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Mental Health at the Dentist

Article by licensed psychologist Dr. Sarah E. Porter

Fun Fact: Dr. Sarah E. Porter is the spouse of Dr. Brian Porter

From time to time, everyone experiences moments of sadness, feeling blue, nervousness, and/or worry. These emotions can be expressed in many different ways, including healthy and unhealthy behaviors. For instance, going to the dentist can stir up a lot of different emotional responses. Some people may experience increased worry or nervousness before/during trips to the dentist or when having to undergo dental work. Other people may feel sad or frustrated when something unexpected happens, like breaking a tooth. Depending upon coping abilities, some people may be able to work through such fears and anxieties in healthy ways, such as engaging in relaxation strategies, talking to a family member/friend, exercising, or creative expression. For many people, bouts of sadness, nervousness, and/or worry, come and go, without causing significant difficulty in daily functioning. However, what happens when the ability to function in daily life is substantially compromised?

Difficulties in functioning, including extensive sadness and/or nervousness, must be treated as an important medical concern and therefore should be promptly addressed by a medical/mental health professional. These trained providers can evaluate for symptom severity, provide a diagnosis (if applicable), and/or provide intervention for the mental health issue(s). It is important to know that only a trained medical or mental health professional can diagnose a mood-related disorder, including Major Depression or Generalized Anxiety. Therefore, although family/friends may sometimes refer to another individual as “depressed” or “anxious,” a diagnosis is necessary for clinical intervention. Thoughts/threats/actions to intentionally harm oneself or another person should always be taken seriously and therefore must be reported immediately to the treating provider. In the event of a mental health crisis, it is always acceptable and encouraged to seek help at the local emergency room or by dialing 911. While stigma continues to exist surrounding mental illness, many people with such diagnoses are able to live satisfying and productive lives. Increased social awareness and clinical research trials help discover new treatment interventions and improve accessibility. If diagnosed with a mental health disorder, it is important to notify your dentist or hygienist of your health history in efforts to make necessary accommodations during dental appointments.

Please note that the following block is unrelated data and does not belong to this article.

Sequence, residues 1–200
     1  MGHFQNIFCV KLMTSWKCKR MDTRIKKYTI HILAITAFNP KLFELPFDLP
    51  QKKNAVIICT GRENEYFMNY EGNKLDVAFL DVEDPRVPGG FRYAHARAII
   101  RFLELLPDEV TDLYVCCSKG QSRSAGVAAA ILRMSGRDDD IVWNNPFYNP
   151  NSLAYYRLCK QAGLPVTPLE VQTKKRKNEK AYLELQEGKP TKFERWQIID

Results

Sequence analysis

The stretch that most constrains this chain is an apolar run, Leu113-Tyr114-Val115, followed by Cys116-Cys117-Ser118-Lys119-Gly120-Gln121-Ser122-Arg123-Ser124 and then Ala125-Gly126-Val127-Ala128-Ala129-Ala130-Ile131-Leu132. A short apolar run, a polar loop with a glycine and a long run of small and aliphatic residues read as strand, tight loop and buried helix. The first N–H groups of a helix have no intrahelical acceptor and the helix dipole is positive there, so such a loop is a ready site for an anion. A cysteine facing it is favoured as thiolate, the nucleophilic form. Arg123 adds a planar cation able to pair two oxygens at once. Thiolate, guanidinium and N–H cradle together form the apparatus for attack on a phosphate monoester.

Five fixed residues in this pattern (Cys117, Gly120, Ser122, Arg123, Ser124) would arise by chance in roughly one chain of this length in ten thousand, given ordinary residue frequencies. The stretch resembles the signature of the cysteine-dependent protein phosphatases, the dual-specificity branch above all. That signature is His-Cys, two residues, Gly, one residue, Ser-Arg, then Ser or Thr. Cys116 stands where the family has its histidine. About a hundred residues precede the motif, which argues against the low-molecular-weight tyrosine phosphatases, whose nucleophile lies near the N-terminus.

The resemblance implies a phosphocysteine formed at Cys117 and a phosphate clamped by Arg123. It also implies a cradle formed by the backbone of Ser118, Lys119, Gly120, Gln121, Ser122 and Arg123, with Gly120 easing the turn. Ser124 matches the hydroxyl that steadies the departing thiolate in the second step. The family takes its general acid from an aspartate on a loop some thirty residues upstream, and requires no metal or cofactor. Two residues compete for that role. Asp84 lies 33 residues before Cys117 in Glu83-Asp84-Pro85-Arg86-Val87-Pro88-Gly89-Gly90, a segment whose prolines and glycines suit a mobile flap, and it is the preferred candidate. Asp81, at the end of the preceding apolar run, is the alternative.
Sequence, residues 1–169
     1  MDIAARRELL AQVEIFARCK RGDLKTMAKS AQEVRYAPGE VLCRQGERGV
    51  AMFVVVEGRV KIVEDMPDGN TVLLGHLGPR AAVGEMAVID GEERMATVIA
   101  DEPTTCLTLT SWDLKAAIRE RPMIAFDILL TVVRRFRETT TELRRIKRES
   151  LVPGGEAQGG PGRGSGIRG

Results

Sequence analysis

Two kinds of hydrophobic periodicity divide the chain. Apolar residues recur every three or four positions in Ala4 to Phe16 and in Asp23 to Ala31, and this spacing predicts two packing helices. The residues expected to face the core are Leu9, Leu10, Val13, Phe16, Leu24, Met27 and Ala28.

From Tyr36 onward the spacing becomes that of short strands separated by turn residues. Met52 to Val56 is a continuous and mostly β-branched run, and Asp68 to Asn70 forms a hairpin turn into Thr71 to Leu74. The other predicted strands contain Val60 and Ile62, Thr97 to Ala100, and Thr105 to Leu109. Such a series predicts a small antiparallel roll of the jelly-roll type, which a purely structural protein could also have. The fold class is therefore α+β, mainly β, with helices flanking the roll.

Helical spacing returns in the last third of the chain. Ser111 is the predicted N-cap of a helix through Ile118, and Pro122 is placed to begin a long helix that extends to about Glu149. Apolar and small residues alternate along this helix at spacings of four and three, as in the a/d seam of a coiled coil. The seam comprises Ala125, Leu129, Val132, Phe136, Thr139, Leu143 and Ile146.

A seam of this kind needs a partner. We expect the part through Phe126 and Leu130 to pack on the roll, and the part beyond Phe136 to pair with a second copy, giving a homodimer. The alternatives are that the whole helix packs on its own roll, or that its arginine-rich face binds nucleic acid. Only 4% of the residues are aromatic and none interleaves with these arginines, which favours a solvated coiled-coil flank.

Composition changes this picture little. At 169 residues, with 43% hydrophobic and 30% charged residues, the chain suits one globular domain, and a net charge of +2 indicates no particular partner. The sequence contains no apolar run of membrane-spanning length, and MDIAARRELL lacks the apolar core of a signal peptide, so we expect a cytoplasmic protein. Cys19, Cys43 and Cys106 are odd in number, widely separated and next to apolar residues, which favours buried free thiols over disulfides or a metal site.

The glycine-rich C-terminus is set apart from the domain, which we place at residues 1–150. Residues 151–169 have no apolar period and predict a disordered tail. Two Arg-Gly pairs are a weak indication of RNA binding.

It is IMPORTANT to seek professional help, if you or if someone you love is experiencing one or more of the following:

  • Thoughts/threats/actions of wanting to intentionally harm oneself or another person
  • A change in PRIOR functioning (maladaptive patterns of sleep, appetite, or physical/cognitive functioning)
  • An inability to complete tasks of daily living, including academic and/or job-related tasks, or caretaking responsibilities
  • Withdrawal from family friends and/or lack of engagement in previously enjoyed activities
  • The purpose of this blog posting is to provide general mental health information only, and therefore is NOT intended to replace a mental health evaluation by a trained professional.


About Licensed Psychologist Dr. Sarah E. Porter

Dr. Sarah E. Porter is a Licensed Psychologist and owner of Madison Neuropsychological Services, LLC. Dr. Porter provides clinical neuropsychological assessment for individuals across the lifespan. Neuropsychological assessment is often sought for diagnostic clarification and to inform treatment recommendations for changes in cognitive functioning related to mental health disorders, acquired brain injury, traumatic brain injury, memory loss, and/or neurodevelopmental conditions.

Outside of the office, Dr. Porter enjoys yoga, cooking, exploring nature/the outdoors, and spending time with her family.

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